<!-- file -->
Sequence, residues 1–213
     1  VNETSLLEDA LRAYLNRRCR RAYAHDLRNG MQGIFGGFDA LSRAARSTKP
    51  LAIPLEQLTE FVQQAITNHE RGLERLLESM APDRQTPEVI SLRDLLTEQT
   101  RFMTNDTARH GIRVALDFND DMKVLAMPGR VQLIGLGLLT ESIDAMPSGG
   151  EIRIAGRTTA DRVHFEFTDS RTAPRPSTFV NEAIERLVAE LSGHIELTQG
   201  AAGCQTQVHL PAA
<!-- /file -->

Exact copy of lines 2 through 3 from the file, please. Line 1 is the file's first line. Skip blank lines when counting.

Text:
     1  VNETSLLEDA LRAYLNRRCR RAYAHDLRNG MQGIFGGFDA LSRAARSTKP
    51  LAIPLEQLTE FVQQAITNHE RGLERLLESM APDRQTPEVI SLRDLLTEQT